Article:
After Brunswick balks, Freeport Half Marathon organizer is running out of options
BRUNSWICK — Police say the second Freeport Half Marathon will not happen in Brunswick this August, but the event's organizer still says it will.
Organizer Dean Reinke met with police on Wednesday in an effort to convince them to sanction the event.
"The police and I agreed to disagree, but please remember, the police do not issue permits, which they acknowledged," Reinke said in an email after he meeting. "They have no problem with the course per se ... they provided their input."
But Police Department Capt. Mark Waltz said that to run the event on town streets without police involvement would be illegal.
"It's obviously a road hazard," he said.
Waltz said the decision to deny Reinke the permit stemmed from a combination of factors, including the lack of a well-developed site plan that included adequate parking and bathrooms.
"The chief (of police) was also concerned about his lack of financial capacity to be able to pull off the race and pay all the vendors," Waltz said. "Also, his website says that the registration is not refundable, and we don't want to endorse a situation where the people could be losing their money after they pay a deposit."
Reinke, however, said that one way or another, he will make the event happen.
"There are some key community leaders who we have follow-up discussions with scheduled for next week," he said. "... We are keeping all options open, particularly in deference to the large number of runners who will be coming from outside of the area. But we fully intend to have the second annual Freeport Half Marathon."
The meeting was the latest turn in an ongoing battle between Reinke and a handful of local runners who say they don't trust him to stage a proper road race.
Critics said Reinke's company, Dean Reinke Sports, has a track record that tends to leave unwary runners with more pain than a pulled hamstring.
Reinke, a 37-year veteran of the running scene, said his critics are a select group of self-serving competitors who are ignoring a long history of providing well-managed events across the country.
"We make a successful event, and then people say, 'geez, we've got a successful event. Why do we need a guy from Florida?'" Reinke said. "In Freeport, we had a home run last year."
Last year's Freeport Half Marathon had no major incidents, and Kelly Edwards, of co-sponsor Freeport USA, said that she would be happy to see it return.
"Last year it went off without a hitch," Edwards said. "It brings hundreds of runners and they bring their friends and families. It gives a boost to local businesses, the restaurants and hotels."
But the Freeport Police Department, which provided security at the event, wasn't happy with Reinke after he failed to pay a $1,300 bill, despite five notices sent over a period of months. Reinke has since paid the police, but critics said it was only a belated effort to pave the way for this year's event.
A bill of $129 from the Brunswick Police Department remained unpaid as of a week ago, police said.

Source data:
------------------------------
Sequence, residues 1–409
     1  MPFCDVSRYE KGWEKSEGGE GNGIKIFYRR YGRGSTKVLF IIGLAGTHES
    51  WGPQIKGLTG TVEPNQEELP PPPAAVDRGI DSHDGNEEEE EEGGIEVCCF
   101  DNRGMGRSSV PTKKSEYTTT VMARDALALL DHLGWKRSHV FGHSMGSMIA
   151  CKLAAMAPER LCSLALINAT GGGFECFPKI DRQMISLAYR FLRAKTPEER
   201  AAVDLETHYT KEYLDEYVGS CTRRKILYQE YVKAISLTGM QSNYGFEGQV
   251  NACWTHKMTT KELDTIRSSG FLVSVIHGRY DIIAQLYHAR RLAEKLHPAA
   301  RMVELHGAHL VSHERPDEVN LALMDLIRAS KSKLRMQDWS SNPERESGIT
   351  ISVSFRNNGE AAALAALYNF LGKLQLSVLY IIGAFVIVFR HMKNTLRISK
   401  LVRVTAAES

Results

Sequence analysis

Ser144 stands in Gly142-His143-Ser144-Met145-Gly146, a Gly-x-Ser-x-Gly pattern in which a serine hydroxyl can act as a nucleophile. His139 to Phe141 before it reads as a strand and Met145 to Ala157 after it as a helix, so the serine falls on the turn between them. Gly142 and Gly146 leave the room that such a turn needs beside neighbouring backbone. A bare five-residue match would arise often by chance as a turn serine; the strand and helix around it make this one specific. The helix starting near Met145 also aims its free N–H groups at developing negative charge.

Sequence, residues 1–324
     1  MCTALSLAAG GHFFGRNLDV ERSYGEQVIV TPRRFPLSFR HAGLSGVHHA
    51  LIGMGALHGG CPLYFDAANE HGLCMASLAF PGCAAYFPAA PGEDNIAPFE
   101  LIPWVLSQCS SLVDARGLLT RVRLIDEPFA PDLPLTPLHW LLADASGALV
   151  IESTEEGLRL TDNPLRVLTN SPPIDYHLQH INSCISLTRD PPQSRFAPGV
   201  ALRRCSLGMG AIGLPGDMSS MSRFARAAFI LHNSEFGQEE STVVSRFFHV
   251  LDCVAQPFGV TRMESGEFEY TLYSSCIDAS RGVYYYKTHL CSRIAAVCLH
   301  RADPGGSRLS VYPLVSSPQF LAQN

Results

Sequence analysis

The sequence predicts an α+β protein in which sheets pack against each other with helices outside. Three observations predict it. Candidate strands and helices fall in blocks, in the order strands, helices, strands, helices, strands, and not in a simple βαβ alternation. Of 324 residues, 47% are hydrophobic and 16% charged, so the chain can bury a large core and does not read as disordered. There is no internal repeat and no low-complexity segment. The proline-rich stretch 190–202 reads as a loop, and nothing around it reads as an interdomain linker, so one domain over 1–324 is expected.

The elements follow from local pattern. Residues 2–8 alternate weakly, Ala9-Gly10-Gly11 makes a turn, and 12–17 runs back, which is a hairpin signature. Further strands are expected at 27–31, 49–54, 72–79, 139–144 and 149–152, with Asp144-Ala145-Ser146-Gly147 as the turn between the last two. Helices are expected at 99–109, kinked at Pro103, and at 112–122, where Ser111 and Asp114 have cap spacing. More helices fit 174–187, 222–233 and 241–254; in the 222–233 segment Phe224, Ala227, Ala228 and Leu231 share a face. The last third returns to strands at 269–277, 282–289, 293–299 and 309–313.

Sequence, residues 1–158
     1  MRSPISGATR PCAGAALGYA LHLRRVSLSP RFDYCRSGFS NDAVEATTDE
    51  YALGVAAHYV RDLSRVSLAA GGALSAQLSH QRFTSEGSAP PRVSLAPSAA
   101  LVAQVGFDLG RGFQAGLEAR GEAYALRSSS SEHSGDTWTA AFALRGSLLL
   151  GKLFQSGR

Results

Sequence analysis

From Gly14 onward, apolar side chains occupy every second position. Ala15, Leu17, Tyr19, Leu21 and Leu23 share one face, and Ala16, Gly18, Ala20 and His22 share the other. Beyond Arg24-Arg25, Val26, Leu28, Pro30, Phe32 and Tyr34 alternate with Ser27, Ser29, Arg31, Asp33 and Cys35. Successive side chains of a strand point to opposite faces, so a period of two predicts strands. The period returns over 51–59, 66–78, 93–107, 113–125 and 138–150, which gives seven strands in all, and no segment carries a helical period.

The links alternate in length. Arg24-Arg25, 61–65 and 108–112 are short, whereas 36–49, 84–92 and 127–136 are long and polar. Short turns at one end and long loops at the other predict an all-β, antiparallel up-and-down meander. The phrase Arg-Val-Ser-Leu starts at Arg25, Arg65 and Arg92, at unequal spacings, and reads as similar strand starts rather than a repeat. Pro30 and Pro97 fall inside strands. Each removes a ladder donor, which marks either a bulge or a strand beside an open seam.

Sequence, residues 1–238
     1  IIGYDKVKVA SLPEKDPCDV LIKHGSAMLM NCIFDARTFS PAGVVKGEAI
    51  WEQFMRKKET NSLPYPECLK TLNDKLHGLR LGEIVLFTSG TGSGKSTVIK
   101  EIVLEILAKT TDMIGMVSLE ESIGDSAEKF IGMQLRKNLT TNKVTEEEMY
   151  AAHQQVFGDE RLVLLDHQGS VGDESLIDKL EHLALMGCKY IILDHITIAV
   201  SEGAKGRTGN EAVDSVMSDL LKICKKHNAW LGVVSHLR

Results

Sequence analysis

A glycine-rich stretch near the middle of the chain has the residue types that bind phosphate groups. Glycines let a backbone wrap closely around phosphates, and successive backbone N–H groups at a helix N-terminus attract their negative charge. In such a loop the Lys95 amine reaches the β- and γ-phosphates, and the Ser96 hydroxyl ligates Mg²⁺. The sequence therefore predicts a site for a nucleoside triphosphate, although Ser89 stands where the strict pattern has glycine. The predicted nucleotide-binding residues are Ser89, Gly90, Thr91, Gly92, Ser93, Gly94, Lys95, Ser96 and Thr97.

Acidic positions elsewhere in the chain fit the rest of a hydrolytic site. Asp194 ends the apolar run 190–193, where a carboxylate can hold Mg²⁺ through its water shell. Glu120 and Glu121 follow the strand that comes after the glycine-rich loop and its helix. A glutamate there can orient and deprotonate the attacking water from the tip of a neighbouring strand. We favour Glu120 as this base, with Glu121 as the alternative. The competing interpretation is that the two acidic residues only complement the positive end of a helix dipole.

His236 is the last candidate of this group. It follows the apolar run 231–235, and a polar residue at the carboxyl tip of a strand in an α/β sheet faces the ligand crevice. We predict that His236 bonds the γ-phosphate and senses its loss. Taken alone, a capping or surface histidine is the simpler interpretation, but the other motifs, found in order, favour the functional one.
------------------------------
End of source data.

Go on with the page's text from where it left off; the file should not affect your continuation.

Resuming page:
Brunswick became the battleground for the Freeport Half Marathon after a May 2 vote by the Freeport Town Council denied Reinke an event permit.
Freeport Councilor James Hendricks said he was first made aware of the issue by Maine Marathon Director Howard Spear.
Spear's warning caused Hendricks to research Reinke's background. The search turned up an incident in Greenwood, S.C., where Reinke reportedly cancelled an event and refused to refund runners' registration fees.
Hendricks that incident, coupled with negative comments in online forums and some complaints with the Better Business Bureau, suggested a pattern, and led him to call for a meeting with Reinke and Freeport police.
Reinke said that the negative comments are giving a skewed impression of a legitimate business enterprise.
"You can Google anybody and you can come up with some dirt there," he said. "I could probably Google you, and your newspaper."
The Better Business Bureau reported 17 complaints against Reinke, 15 of which have gone without responses. The BBB gives Reinke a grade of F.
"I don't give a lot of credibility to the BBB," Reinke said. "Most of the complaints are about things I have no control over, or misperceptions. There's a reason we've got 25,000 runners. We had 80 different meetings with cities wanting to explore bringing our services in."
As for the refunds, Reinke said, his company's policy is an industry standard.
"One of the things these guys are crying about is we don't give refunds. When you run a race, there's a no-refund policy," he said.
"I would have given the money back," he said. "It's that simple."
Ultimately, Hendricks was not satisfied with Reinke's explanations, which he said led him to bring the issue to the Freeport council.
Along with Spears, Topsham resident Mark Grandonico has been the other runner leading the charge against Reinke. Grandonico, a board member of the Roadrunners Club of America, said RRCA revoked Reinke's membership in April, an action he called unusual.
Reinke hasn't gone about things in the most responsible manner in Freeport, Grandonico said.
"The very first thing you do is go to the town and get permission," he said. "What he did in Freeport was, he opened the event up before he secured a permit. So he's been collecting people's money."
The website promoting the half marathon continues to advertise the event to runners and collect registration fees. Grandonico said he estimates that Reinke has collected fees from between 60 and 100 runners.
Reinke said that the responsibility for the Freeport event's possible cancellation lies with Hendricks, Spears, and Grandonico.